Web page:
A black officer with the Tampa Police Department was caught on his bodycam saying the N-word on several occasions and was fired for it, the Tampa Bay Times reported.
What are the details?
Officer Delvin White — a school resource officer at Middleton High School — was fired Tuesday for "violations of policy that prohibit discriminatory conduct," the paper said, citing a news release.
White — an eight-year veteran of the department — used the N-word while on the phone and during a Nov. 30 arrest, the Times reported, citing a disposition letter police released.
Tampa police spokesman Eddy Durkin confirmed the officer is black, the paper said. Almost half the Middleton High School students are black compared to only 1 in 5 students across Hillsborough County Public Schools, the paper said, citing district demographic data.
White's actions during the November phone call were discovered after a random audit of bodycam video, police told the Times, which added that he admitted using the N-word during the Nov. 30 arrest.
The officer was recorded saying the slur in reference to a group of people while he was on the phone and also while he was driving home from an off-duty assignment Nov. 13, the paper said, citing the letter. White later uttered the N-word again while speaking to his wife, the Times said.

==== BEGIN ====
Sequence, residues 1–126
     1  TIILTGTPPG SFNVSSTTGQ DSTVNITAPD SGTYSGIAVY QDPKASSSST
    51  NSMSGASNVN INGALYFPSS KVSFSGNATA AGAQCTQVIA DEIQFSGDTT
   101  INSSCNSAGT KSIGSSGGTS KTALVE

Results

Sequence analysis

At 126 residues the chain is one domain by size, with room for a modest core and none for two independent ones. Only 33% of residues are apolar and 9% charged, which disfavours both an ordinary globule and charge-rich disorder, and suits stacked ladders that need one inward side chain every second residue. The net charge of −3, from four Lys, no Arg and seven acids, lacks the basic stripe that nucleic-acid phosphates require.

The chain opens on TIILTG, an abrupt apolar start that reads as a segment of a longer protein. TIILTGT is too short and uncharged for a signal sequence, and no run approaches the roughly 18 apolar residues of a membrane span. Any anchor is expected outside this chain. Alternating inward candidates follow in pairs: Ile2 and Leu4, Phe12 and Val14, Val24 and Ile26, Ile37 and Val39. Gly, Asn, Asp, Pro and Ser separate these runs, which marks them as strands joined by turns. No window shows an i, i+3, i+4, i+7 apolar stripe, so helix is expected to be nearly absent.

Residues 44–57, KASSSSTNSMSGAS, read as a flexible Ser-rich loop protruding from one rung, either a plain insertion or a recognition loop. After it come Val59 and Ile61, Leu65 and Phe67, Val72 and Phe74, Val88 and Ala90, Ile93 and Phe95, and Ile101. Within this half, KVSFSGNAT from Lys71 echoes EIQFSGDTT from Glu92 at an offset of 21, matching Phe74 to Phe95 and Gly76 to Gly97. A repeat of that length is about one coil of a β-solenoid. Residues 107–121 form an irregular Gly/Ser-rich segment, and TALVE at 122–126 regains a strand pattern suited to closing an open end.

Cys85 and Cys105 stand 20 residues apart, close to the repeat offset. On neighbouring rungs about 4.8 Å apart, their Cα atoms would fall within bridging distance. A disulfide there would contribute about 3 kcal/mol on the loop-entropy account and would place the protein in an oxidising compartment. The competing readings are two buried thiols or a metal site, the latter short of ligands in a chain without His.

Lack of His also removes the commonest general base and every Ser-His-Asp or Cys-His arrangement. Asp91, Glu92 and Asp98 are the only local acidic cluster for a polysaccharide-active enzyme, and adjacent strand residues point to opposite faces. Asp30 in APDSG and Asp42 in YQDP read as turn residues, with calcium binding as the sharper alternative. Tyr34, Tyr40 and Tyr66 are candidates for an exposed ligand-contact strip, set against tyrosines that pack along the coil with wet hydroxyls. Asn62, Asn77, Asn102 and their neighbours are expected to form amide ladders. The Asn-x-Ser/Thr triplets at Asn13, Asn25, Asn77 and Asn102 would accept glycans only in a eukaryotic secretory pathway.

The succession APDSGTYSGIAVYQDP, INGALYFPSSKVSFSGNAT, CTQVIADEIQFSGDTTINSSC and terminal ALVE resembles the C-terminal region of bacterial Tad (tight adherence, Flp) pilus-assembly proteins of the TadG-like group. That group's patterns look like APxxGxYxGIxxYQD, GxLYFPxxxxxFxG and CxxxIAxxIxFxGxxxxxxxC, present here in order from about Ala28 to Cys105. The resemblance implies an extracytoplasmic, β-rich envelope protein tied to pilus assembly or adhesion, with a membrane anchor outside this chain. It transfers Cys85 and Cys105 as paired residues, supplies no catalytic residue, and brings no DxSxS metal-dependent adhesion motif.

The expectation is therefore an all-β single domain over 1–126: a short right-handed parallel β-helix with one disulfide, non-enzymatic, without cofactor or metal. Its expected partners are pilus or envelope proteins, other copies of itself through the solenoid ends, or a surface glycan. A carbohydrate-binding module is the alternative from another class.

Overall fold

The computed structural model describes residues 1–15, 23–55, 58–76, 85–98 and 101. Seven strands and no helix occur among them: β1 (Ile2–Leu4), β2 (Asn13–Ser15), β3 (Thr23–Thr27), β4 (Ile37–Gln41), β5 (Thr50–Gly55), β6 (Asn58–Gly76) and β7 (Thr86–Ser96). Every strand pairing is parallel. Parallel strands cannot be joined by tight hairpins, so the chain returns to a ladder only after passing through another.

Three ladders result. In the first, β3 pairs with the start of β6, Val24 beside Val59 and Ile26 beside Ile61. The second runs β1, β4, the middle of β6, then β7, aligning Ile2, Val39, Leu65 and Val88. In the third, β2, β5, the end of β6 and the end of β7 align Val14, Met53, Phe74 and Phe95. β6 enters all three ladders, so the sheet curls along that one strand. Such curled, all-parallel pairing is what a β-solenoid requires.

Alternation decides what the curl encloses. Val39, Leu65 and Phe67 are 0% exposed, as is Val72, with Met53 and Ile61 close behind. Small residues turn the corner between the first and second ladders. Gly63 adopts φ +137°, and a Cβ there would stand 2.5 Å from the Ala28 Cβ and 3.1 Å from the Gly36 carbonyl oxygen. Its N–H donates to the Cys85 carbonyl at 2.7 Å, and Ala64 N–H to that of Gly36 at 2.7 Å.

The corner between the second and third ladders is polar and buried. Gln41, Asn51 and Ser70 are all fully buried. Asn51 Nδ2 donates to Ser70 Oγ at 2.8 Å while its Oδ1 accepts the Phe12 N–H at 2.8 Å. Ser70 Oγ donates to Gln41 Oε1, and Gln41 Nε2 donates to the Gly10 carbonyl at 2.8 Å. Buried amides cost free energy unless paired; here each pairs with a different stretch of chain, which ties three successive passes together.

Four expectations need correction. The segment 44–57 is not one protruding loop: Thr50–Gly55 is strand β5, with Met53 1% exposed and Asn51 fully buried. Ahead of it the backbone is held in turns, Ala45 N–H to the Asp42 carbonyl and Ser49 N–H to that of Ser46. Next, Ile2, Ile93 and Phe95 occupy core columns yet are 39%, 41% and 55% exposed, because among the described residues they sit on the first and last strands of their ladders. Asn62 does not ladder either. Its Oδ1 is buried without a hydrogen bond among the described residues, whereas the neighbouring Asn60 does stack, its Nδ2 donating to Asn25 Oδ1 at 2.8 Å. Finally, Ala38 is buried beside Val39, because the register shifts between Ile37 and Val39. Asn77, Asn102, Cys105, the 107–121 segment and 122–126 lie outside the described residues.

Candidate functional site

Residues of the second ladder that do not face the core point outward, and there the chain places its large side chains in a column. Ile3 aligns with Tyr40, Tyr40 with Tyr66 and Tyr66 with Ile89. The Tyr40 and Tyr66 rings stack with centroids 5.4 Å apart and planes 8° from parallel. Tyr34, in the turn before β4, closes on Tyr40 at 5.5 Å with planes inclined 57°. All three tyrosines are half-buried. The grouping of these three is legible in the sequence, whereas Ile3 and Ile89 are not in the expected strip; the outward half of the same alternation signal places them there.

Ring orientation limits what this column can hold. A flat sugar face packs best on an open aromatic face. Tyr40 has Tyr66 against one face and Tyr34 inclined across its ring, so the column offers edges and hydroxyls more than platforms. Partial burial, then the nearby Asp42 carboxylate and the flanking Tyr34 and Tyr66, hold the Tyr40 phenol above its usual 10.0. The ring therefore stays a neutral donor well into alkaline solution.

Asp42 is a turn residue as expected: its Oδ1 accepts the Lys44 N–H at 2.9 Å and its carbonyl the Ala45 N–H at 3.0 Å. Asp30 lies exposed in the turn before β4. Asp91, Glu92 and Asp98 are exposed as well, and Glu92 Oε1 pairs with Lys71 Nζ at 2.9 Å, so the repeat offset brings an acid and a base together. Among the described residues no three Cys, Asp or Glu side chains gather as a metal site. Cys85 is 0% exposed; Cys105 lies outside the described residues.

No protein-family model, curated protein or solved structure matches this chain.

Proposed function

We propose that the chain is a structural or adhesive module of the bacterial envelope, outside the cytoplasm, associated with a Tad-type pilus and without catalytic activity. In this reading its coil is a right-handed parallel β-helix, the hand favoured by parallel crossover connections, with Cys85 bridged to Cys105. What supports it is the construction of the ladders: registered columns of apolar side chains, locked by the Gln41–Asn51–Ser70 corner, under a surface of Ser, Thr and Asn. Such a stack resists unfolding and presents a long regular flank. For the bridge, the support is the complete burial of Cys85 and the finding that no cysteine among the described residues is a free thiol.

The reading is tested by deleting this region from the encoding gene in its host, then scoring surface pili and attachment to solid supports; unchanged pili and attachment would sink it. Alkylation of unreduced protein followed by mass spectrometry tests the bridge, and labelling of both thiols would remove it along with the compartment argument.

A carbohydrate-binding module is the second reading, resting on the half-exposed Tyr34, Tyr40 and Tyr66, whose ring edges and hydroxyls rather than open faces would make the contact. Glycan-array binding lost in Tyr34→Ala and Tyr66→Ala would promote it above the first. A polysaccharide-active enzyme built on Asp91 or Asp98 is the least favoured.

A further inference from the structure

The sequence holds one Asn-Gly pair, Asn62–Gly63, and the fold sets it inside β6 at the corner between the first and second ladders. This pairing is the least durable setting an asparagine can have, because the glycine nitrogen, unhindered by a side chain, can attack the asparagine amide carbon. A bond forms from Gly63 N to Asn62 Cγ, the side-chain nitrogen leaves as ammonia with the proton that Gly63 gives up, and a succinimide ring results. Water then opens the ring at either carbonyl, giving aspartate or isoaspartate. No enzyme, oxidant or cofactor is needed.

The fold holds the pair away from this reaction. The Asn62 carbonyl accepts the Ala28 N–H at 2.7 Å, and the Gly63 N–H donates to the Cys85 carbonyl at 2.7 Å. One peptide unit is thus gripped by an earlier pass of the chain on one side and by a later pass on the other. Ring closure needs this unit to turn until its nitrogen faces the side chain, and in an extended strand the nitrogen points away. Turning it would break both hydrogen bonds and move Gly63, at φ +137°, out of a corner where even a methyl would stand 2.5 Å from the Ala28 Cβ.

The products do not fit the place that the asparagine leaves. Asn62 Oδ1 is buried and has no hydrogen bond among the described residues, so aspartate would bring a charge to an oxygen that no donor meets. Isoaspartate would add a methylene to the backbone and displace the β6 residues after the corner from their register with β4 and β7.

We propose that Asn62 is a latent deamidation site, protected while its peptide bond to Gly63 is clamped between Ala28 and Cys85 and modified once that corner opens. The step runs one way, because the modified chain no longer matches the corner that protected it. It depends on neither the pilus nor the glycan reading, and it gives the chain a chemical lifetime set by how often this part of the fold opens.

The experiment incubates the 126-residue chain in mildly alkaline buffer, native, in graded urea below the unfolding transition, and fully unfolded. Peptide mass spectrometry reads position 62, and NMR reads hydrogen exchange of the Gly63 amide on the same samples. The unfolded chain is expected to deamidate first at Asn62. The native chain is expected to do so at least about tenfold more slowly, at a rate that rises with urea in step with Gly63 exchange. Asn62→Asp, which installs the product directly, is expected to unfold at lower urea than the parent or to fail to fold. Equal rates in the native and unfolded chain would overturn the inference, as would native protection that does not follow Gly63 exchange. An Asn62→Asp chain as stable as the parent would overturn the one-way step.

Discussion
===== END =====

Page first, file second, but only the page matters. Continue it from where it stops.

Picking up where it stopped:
In addition, bodycam video showed White using the N-word twice while arresting a suspect for trespassing Nov. 30, the paper said.
What did the officer have to say?
The letter said when White was confronted about his actions, he told his superior he didn't use the N-word in a derogatory fashion but rather as it's "commonly used in today's society as a means of shared culture and experiences among the African American community," the Times reported.
What did police have to say?
"Derogatory statements made by police officers jeopardize the trust that our department works to establish with our community," Chief Brian Dugan in a statement, according to the paper. "Tampa Police officers are held to a higher standard, and incidents like this negatively impact the entire law enforcement profession."